“Morning Quentin,” she said, passing him a freshly-made cup of coffee and a homemade blueberry muffin.
“Morning Lucy.” Quentin took an appreciative sip of the coffee and sat down on one of the waiting room chairs while he peeled the muffin liner away from the muffin.
“Jill Daniels' husband, Rob, left a message on the office answering machine. Jill collapsed on a refrigerated display case last night when she went to pick up a few things at the grocery store. She died on the way to the hospital.”
The muffin dropped out of Quentin’s hand and fell on the floor. “That’s not possible.”
Before Lucy could respond, the office door opened. “Kate!” Lucy ran to embrace the young woman who had just walked in. “We haven’t seen you in years.”
Kate hugged Lucy with gusto after which she pulled back and brandished a brown paper bag. “I brought you two a little surprise.”
The small Asian woman opened the bag and squealed with delight. “Chocolate ice cream! My favorite.”
“I guarantee it will be the best ice cream you’ve ever tasted. I’m addicted to it and I just tried it for the first time three weeks ago.”
“Well you’d never know it by looking at you,” Quentin eyed her 100-pound frame and disposed of the muffin liner in the wastebasket. “Kate, how about following me into exam room one and telling me what brought you in today.” He led the way to the exam room and told Kate to hop up on the examining table. “Well, right off the bat, I’d have to say you look good.” She wore a tartan pinafore dress, predominantly red, under which she wore a plain white long-sleeved shirt. Her legs were bare and on her feet, she wore calf-high combat boots. Her straight, blonde shoulder-length hair framed a pretty face that Quentin suspected was often overshadowed by the pierces above her eye and through her nose and tongue.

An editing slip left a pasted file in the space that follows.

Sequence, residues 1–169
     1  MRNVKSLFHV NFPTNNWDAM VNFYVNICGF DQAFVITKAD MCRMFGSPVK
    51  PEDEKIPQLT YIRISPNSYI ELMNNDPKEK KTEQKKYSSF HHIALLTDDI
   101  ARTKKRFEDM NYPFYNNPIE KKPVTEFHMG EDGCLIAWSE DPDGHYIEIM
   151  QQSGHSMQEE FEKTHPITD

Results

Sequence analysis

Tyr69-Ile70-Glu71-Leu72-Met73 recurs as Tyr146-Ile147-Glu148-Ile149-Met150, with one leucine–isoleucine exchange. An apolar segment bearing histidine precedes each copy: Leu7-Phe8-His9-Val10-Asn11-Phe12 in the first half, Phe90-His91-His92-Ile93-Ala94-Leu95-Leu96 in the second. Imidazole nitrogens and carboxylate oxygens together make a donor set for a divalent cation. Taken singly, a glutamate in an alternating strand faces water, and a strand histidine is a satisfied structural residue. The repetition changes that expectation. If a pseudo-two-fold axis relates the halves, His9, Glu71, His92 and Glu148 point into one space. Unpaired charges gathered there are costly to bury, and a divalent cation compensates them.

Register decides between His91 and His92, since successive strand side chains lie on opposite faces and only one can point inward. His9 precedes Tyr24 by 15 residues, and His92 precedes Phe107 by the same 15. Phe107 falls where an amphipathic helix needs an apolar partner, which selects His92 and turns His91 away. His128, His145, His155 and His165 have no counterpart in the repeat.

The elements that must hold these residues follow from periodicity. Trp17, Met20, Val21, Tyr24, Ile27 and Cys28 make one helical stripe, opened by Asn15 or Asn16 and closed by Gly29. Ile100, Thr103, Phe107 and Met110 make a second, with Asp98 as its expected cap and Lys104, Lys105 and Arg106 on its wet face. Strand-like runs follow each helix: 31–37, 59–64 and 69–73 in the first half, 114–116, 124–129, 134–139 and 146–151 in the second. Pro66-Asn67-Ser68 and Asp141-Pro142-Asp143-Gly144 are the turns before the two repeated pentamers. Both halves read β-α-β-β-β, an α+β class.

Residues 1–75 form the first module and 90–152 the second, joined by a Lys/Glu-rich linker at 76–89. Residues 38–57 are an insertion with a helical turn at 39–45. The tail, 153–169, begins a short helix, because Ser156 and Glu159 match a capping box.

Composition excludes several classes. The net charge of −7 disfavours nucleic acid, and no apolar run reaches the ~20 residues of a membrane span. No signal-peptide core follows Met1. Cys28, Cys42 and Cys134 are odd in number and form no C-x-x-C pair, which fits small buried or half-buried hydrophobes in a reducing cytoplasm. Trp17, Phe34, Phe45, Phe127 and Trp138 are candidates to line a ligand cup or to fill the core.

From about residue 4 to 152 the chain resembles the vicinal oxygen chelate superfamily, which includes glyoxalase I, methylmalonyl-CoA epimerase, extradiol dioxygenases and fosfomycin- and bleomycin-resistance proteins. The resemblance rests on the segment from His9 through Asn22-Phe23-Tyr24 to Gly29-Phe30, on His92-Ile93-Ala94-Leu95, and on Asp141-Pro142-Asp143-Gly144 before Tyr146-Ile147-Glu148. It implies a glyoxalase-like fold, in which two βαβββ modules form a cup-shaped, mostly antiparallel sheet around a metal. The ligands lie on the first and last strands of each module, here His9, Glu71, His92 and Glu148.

“That’s what everybody tells me. Problem is I don’t feel great.”
Quentin frowned. “What exactly is making you feel not great?”
“This is going to sound crazy, but I think I have arthritis. It started a couple of weeks ago.”
Quentin felt a chill run down his spine. Wasn’t that exactly what Denny McGregor had been complaining of just before he died?
“Just thinking, Kate. I’d like to run a series of tests if you’re good with that.”
Kate nodded. “Do whatever you have to do, Doc Marshall. I’m quite scared.”
Quentin hurriedly gathered together all of the vials he needed and one more for good measure. “I’m going to do a special test, Kate, one that requires that I keep the blood warm until it reaches the lab for analysis.”
“Warm? What does it test for?”
“It’s a bit out of the box, but I want to be sure I’ve covered all the bases. We'll discuss it when we know the results.” He drew the blood, making sure to put one of the vials in packaging to preserve warmth. He opened the examination door and called Lucy. “Lucy, please take Kate’s blood to the lab.”
“No problem. I’ve got a few things to finish and then I’ll run it right over.”